T cell attacking cancer cell, illustration

A gene signature can accurately predict the functioning of p53 variants, according to work by researchers at The Wistar Institute and their colleagues. Long a focus of drug discovery efforts, the p53 tumor suppressor protein normally protects against cancer initiation and progression. Disrupted p53 is linked to cancer, but there are so many variations in this gene it has been difficult to interpret each of their clinical significance.

The team’s findings could be used to screen individuals for genetic variants of p53 that help predict cancer risk and possible response to therapy. Their study appeared this week in PNAS.

“The promise of this research is personalized medicine,” said Maureen E. Murphy, PhD, senior author and Program Leader in Wistar’s Molecular & Cellular Oncogenesis Program.

Cancer is a leading cause of death worldwide. Because early detection is often critical to surviving this disease, there is tremendous need for tests that can find cancers as soon as possible. Dozens of companies are working on this and the worldwide market for cancer diagnostics is currently estimated to be worth more than $150 Billion and expected to grow more than six percent per year over the next few years. Over 20,000 trials of cancer tests are listed on clinicaltrials.com.

Biochemically, p53 functions primarily as a sequence-specific transcription factor. Mutations in the TP53 gene disrupt the tumor suppression by its encoded protein, p53. These are the most common single gene alterations in human cancers—hundreds of missense single nucleotide polymorphisms (SNPs) may alter p53 function. Some of these variants are recognized as drivers of certain tumors because they undo the tumor suppressor function.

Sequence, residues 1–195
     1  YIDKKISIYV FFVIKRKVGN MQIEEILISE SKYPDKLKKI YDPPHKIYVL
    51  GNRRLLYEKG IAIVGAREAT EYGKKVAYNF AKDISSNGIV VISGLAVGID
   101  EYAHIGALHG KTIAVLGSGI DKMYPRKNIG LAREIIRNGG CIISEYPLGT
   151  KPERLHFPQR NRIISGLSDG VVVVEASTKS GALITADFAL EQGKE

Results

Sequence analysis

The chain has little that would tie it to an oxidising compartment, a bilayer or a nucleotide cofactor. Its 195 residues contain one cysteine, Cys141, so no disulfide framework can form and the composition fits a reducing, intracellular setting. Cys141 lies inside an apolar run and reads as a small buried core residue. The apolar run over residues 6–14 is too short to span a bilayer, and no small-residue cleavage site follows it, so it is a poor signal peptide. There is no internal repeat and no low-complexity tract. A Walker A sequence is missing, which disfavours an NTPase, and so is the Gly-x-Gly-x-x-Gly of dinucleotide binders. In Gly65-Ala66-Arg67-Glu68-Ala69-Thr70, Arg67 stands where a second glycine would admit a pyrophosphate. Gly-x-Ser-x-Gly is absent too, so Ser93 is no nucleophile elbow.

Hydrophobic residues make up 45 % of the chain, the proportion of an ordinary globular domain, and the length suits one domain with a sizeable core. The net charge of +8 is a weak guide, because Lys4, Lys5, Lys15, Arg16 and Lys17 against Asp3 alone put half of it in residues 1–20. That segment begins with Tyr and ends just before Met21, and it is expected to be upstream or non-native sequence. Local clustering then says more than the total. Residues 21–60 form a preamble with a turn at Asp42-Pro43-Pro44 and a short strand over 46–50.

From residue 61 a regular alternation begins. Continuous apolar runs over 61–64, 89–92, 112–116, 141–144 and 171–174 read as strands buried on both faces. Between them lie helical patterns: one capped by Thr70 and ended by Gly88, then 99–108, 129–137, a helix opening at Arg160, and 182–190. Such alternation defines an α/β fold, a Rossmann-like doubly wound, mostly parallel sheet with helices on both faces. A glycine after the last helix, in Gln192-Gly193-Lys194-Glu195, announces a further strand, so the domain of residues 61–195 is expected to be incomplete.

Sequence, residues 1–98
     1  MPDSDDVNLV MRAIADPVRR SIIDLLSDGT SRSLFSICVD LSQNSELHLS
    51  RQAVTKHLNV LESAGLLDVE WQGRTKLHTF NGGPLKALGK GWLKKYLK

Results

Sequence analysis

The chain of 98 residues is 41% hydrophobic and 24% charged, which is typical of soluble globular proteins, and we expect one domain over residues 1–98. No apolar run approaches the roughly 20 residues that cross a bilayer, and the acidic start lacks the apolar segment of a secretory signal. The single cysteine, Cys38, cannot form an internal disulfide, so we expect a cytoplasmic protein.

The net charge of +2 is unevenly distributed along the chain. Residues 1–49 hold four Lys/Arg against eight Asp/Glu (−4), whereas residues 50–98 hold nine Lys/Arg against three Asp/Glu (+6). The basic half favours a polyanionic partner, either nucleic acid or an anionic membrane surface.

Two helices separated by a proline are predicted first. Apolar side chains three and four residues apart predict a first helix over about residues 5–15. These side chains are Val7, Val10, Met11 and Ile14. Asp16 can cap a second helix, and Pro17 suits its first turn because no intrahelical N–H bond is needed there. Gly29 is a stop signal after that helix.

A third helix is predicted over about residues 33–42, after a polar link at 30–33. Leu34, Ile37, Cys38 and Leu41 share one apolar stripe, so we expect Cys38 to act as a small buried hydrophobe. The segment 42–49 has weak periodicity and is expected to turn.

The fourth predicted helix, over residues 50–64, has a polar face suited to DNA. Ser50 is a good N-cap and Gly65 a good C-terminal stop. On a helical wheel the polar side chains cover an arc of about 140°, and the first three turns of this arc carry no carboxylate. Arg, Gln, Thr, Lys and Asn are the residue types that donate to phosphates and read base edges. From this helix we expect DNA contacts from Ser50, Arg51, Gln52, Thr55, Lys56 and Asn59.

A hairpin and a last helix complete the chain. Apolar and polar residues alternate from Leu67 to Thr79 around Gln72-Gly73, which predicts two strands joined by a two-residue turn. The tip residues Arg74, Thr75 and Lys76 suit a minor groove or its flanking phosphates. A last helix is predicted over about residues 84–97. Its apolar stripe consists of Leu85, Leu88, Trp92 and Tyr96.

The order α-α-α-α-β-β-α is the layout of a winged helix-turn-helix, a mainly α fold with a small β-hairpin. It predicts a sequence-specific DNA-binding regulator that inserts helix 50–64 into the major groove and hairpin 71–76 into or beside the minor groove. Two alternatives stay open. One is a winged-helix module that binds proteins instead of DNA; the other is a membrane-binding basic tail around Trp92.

“There are so many genetic variants of P53,” explained Murphy. “A lot of P53 variants are classified as having uncertain significance with current methods of testing. This does not help people determine whether they have increased cancer risk. The signature we identified does.”

This team monitored differences in activity in mutant and normal p53 proteins to determine any genetic markers that would flag if a p53 variant is less functional than normal. In collaboration with Andrew Kossenkov, PhD, assistant professor in Wistar’s Vaccine and Immunotherapy Center, the team used machine learning to identify a gene signature that consistently and accurately predicted the difference between a normal functioning or benign p53 and a lesser functioning variant of the protein.

Murphy said she intends to continue this work with the goal of turning the gene signature into a blood-based genetic test that could help people learn about their p53 status.

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